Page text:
I thought about it for a few moments. I had no idea. I'd become accustomed to saying New York City, but since I sold my apartment there three years ago, it just hasn't felt accurate. And now that I'm in the process of selling my place in Buenos Aires, it doesn't feel right to call that home either.
"Home is Melbourne," Marcus offered. "Because it's the place you always come back to."
That was a good point -- and a sweet one, too. For the last two years, it's been the closest thing I've had to home. And I do keep coming back. But as much as I adore Melbourne, and as beautiful as the homes are here, it's never felt like home to me. Ditto, Bangkok. But I felt like I had to say something.
"Home is wherever I'm living at the moment -- so right now, that would be South Yarra in Melbourne," I finally responded, though I hadn't quite satisfied my own yearning to know.
Where is home?
I'd spent nearly five days pondering this question when I found myself talking to Sebastian, a friend back in BA to whom I haven't spoken since my final days in Bangkok last December. In catching up with him over the course of an hour, I never got around to telling him where I am at the moment. Eventually, he got around to it for me.
"Ahora estas en Australia?"
"Si, Melbourne. Hasta Abril."
"Y despues de Abril?"
"No se. Bangkok? Berlin? Nueva York? Sidney? Londres? Sudafrica? El mundo es abierto a mi!"
Que lindo vivir asiiiiiiii!!!!!! Quiero una vida asiiiiiiii!!!!!"
Really? He wants my life? And I had just been thinking how good he has it. Hes a gainfully employed attorney living in one place -- even if it is Buenos Aires! At least he had structure, a regular paycheck and a bed of his own, a few of the things my life has been missing since I left BA.
Shortly after, I got a text message from Nathan, whom I met in Melbourne two years ago. He's been living a life very similar to mine for the past three years, never staying in one place for more than a month. He just returned from Mexico and Guatemala and will be staying in Melbourne for a while. He called himself "blessed to b travellin alot." When I met him he was plotting a trip to East Africa. At the time, I was still set on sticking around Melbourne permanently. East Africa sounded kind of dreadful to me, and Southeast Asia couldn't have been further from my mind. Who knew we'd end up leading somewhat parallel lives?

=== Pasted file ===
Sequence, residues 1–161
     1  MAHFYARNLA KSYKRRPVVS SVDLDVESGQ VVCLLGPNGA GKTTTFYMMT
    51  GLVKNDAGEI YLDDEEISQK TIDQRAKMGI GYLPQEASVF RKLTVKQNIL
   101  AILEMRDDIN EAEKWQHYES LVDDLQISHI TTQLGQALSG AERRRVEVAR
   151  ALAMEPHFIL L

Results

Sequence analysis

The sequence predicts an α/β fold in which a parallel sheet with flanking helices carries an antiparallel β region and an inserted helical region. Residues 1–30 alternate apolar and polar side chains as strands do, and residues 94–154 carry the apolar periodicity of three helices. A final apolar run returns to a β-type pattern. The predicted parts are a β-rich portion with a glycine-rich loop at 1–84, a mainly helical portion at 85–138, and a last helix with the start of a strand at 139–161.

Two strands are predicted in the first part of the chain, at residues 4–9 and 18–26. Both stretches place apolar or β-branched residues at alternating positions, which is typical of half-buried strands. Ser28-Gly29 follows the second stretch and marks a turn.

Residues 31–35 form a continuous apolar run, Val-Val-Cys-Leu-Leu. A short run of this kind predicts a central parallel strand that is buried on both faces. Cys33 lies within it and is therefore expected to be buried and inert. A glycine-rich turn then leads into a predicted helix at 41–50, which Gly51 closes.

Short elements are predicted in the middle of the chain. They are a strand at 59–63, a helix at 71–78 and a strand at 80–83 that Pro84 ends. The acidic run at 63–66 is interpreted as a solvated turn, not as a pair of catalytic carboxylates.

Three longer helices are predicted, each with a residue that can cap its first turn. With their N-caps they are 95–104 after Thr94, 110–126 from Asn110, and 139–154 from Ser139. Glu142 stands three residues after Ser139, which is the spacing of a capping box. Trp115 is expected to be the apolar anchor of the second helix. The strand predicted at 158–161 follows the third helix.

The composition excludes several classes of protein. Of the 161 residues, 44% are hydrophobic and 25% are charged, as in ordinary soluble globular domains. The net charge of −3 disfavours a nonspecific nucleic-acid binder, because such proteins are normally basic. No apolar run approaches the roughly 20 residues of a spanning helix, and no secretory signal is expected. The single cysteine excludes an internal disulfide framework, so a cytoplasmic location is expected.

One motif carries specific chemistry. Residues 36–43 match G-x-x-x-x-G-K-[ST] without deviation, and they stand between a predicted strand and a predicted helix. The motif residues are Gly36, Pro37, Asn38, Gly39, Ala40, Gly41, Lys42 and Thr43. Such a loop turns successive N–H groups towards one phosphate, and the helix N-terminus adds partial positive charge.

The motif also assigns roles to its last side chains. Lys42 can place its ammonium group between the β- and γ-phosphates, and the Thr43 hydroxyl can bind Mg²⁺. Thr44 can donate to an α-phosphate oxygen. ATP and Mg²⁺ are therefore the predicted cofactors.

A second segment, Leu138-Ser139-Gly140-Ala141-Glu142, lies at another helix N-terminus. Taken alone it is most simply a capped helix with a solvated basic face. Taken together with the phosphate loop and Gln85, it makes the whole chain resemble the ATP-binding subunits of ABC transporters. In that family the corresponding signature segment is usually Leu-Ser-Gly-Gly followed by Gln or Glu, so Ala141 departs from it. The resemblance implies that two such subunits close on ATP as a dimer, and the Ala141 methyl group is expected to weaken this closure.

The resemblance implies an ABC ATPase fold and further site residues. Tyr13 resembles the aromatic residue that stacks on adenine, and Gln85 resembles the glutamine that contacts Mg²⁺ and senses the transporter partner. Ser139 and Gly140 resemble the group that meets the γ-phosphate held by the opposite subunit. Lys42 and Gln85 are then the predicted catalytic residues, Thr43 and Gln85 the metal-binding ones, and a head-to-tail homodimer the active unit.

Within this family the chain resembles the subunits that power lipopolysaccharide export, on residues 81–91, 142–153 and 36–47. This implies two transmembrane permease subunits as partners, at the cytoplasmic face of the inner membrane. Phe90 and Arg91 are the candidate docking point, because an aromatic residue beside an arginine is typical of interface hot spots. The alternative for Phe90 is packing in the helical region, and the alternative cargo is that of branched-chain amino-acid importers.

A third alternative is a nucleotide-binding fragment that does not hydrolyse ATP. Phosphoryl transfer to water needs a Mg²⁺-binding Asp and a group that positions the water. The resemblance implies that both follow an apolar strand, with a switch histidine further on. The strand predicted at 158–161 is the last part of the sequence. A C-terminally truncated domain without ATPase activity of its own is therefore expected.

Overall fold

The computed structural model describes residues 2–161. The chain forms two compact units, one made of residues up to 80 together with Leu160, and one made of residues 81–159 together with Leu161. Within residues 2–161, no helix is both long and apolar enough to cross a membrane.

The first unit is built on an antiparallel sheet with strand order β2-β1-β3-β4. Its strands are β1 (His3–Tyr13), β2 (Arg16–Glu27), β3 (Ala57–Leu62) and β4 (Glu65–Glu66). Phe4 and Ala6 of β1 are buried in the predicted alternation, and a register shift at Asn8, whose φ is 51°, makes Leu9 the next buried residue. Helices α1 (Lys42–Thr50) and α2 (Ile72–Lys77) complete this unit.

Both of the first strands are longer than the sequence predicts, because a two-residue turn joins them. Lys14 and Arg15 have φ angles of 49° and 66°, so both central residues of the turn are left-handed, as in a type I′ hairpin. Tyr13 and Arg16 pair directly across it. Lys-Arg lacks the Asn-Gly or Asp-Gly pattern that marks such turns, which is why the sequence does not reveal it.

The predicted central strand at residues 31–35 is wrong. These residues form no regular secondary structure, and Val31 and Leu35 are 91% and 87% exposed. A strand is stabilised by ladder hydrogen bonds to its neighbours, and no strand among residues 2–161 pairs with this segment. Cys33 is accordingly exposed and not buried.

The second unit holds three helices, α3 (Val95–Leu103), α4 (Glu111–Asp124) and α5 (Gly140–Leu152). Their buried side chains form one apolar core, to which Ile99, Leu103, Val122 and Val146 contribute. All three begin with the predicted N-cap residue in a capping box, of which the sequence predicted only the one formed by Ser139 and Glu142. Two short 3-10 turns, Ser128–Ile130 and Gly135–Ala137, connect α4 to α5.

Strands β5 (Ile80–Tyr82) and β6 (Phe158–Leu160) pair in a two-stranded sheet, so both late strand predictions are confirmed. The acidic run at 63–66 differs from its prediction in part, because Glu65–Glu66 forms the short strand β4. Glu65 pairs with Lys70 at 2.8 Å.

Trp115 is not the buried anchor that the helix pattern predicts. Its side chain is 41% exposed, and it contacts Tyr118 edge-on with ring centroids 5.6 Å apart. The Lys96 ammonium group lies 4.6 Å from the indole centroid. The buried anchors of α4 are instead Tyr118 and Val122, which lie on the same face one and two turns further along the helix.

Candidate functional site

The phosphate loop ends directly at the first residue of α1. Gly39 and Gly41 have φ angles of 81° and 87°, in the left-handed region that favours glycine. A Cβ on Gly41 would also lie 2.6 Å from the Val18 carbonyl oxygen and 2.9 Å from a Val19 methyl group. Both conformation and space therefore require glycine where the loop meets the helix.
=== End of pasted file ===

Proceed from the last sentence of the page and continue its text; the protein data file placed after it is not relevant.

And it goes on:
About an hour later, I ran into Peter, whom I hadn't seen since the "mooning" contest (Don't ask!) at the Laird several weeks ago. He was with a friend, and as he explained my peripatetic lifestyle by way of introducing me, I could have sworn I saw stars twinkling in both of their eyes -- not because of me, of course, but because of the life I lead.
How strange, I thought to myself as I walked away, still blinded by the twinkling. I could have sworn they were the lucky ones, living, working and, if they were lucky, loving in one place. Lately, I've been thinking I'd like to have me some of that again. I've never really gotten used to people viewing my life through their own rose-colored glasses, but it's become increasingly odd since I've taken mine off. Truth be told, those specs have been sitting on the shelf for about a year, and I'm only now not having to squint without them.
With my newfound clarity of vision, I've actually begun toying with the idea of going back to New York City and the life I used to lead there. It's not so much that I miss the regular paychecks, having a permanent residence and the comfort of a daily routine (though I could probably use all of the above); it's more what living on the road has done to my perception of time. My life seems to have gotten shorter!
Time flies when you're having fun indeed, but it dashes by even more rapidly when you're more aware of its passage due to weekly rental fees and regular visa renewals. I'm nearly two-thirds through my first tourist-visa cycle in Australia, which is the same as saying I've been here for almost two months. I'm guess I'm tired of looking at it both ways (and always counting those 90-, 60- and 30-day visa cycles, which I've been doing since I moved to BA six and a half years ago). That just makes it seem even more like I just arrived yesterday.
It also means I'm at the halfway point to where I need to decide where I want to be next. More time in Australia? Back to Bangkok? Berlin? London? South Africa? That might make me the luckiest guy in the world to some, but part of me is hoping that wherever I end up laying my hat next time, I can finally call home.
Five Great Songs About What I'm Looking For Now
"Home" Edward Sharpe and the Magnetic Zeros
"Home" Leona Naess
"Home" Stephanie Mills
"Home" Simply Red
"Home and Dry" Pet Shop Boys